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Frontiers of Structural and Civil Engineering

Front. Struct. Civ. Eng.    2019, Vol. 13 Issue (1) : 135-148
Dynamic in-plane transversal normal stresses in the concrete face of CFRD
Institute of Engineering, National University of Mexico, Mexico City, 04510, Mexico
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Severe earthquakes can induce damages to Concrete Face Rockfill Dams (CFRDs) such as concrete cracking and joint’s water stops distressing where high in-plane transversal normal stresses develop. Although these damages rarely jeopardize the dam safety, they cause large water reservoir leakages that hinder the dam functioning. This issue can be addressed using well know numerical methods; however, given the wide range of parameters involved, it would seem appropriate to develop a simple yet reliable procedure to get a close understanding how their interaction affects the CFRD’s overall behavior. Accordingly, once the physics of the problem is better understood one can proceed to perform a detailed design of the various components of the dam. To this end an easy-to-use procedure that accounts for the dam height effects, valley narrowness, valley slopes, width of concrete slabs and seismic excitation characteristics was developed. The procedure is the dynamic complement of a method recently developed to evaluate in-plane transversal normal stresses in the concrete face of CFRD’s due to dam reservoir filling [1]. Using these two procedures in a sequential manner, it is possible to define the concrete slab in-plane normal stresses induced by the reservoir filling and the action of orthogonal horizontal seismic excitations acting at the same time upstream-downstream and cross river. Both procedures were developed from a data base generated using nonlinear static and dynamic three-dimensional numerical analyses on the same group of CFRD’s. Then, the results were interpreted with the Buckingham Pi theorem and various relationships were developed. In the above reference, the method to evaluate the concrete face in-plane transversal normal stresses caused by the first reservoir filling was reported. In this paper, the seismic procedure is first developed and then through an example the whole method (dam construction, reservoir filling plus seismic loading) of analysis is assessed.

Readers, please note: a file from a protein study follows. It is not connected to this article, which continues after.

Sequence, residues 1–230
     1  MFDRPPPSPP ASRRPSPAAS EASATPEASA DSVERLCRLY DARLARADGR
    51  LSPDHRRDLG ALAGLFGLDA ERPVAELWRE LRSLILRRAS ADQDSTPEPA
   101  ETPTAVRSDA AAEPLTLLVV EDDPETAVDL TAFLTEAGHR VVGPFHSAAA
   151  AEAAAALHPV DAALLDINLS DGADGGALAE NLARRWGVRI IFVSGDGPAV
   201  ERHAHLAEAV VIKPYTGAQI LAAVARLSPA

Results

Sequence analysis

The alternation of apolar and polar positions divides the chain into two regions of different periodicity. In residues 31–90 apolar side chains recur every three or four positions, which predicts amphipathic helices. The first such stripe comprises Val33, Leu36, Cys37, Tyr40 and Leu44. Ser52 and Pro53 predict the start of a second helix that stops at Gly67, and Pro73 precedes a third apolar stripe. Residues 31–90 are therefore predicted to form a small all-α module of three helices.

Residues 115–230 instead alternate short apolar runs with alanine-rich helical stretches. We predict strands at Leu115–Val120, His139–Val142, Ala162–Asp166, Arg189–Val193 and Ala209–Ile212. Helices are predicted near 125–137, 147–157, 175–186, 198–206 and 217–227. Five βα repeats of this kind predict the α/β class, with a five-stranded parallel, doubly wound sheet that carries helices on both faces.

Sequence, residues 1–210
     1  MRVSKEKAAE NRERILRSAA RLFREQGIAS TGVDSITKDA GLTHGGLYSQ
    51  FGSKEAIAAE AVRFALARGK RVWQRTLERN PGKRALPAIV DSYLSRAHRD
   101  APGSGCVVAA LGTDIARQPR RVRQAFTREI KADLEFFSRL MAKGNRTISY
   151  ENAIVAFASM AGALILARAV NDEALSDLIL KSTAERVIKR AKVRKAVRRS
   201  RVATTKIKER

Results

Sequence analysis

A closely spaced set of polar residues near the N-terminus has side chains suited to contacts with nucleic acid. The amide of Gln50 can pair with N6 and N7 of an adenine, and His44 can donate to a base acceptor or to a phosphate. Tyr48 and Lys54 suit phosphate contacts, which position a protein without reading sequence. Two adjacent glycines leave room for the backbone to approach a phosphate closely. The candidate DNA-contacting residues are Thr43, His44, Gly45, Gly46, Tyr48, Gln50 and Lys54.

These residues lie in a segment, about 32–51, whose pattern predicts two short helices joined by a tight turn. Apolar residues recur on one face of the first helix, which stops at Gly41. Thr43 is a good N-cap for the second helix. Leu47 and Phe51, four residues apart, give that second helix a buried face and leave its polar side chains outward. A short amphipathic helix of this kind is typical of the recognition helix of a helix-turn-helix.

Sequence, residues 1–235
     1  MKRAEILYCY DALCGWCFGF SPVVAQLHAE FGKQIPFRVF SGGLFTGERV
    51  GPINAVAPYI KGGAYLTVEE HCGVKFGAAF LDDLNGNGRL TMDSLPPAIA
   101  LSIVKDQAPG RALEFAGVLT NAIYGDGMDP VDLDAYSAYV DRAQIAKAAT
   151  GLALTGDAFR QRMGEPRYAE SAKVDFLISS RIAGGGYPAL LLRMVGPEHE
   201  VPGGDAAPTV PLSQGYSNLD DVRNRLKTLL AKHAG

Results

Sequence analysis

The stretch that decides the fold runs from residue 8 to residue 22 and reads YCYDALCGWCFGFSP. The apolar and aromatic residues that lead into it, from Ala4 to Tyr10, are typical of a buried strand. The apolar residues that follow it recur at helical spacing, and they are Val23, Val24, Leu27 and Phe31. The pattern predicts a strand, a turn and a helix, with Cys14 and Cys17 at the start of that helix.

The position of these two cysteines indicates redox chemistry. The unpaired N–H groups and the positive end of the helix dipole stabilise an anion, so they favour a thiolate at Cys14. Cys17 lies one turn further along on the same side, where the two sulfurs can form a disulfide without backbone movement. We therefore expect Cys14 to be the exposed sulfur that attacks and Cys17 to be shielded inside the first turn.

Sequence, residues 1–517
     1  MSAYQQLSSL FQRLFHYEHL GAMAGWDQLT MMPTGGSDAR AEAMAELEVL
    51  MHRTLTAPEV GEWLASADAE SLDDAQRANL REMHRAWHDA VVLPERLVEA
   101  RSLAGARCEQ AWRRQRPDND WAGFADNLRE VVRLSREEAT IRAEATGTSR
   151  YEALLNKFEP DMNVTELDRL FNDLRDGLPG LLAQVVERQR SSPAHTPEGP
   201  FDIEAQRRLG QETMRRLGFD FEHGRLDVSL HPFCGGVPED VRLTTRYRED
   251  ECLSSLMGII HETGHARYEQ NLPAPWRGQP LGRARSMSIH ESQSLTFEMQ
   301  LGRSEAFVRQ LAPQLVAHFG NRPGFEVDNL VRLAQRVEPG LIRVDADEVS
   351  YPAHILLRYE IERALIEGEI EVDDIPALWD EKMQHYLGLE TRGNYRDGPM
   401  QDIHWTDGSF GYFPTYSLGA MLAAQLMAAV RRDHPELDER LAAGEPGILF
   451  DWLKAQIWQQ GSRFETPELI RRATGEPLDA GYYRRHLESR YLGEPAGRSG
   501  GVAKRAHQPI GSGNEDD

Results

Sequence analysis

Keywords CFR dams      dynamic analysis      in-plane normal stresses      concrete face     
Corresponding Authors: Neftalí SARMIENTO-SOLANO   
Online First Date: 06 June 2018    Issue Date: 04 January 2019
 Cite this article:   
Neftalí SARMIENTO-SOLANO,Miguel P. ROMO. Dynamic in-plane transversal normal stresses in the concrete face of CFRD[J]. Front. Struct. Civ. Eng., 2019, 13(1): 135-148.
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Miguel P. ROMO
Fig.1  Geometrical features CFRDs models
Fig.2  Experimental model of the concrete-concrete interface
Fig.3  (a) Concrete-concrete interface numerical model and (b) acceleration-time response of the rigid block to a sinusoidal excitation
Property Rockfill Slab, Plinth
Volumetric weight, g 20 kN/m3 24 kN/m3
Young’s Modulus: E0, Ec 45 MPa 22 MPa
Poisson’s ratio, u 0.33 0.20
Tab.1  Material static properties of the CFRDs
Fig.4  Location of the seismic station of El Infiernillo dam
Fig.5  Computed and measured responses to May 31, 1990 earthquake, (a) at seismic station E (dam crest); (b) vertical array seismic station H.
Material type Model parameters
a b gr lmin lmax K2
Compacted rockfill 0.95 1.05 0.0179 0.034 0.236 100
Tab.2  Values of parameters in Eqs. (4), (5) and (6)
Fig.6  Typical seismic excitation applied at the rigid base model
Fig.7  Three dimensional finite difference model of CFRDs
Fig.8  Variation of transversal stresses in some points of concrete slabs by reservoir filling plus seismic load, a = 0.40
Fig.9  Effect of joint spacing on in-plane maximum dynamic stresses in the concrete face
0.4 0.015864 Sj + 0.839288 0.023742 Sj + 5.240348
0.6 0.013579 Sj + 0.588079 0.023563 Sj + 5.524293
0.8 0.010722 Sj + 0.329766 0.018029 Sj + 6.207784
Tab.3  Parameters A and B for Eq. (9)
Fig.10  Effect of the valley slopes on in-plane maximum dynamic stresses in the concrete face
Fig.11  (a) Adjustment of trend lines for TV equal to 1.0, 1.5 y 3.0, and (b) curves defined from Eq. (10)
Fig.12  Dynamic in-plane transversal normal stresses in the concrete face to dams with heights, a = 0.4
Fig.13  Distribution of earthquake-induced maximum in-plane transversal stresses in the mid-section of the concrete face (y= 0 m)
Fig.14  Application example: (a) 3D finite difference model and (b) seismic excitation
Fig.15  Distribution of maximum in-plane transversal normal stresses in the mid-section of the concrete face (y= 0 m) caused by seismic loading.
Fig.16  Distribution of maximum in-plane transversal stresses at three elevations of the concrete face caused by seismic loading
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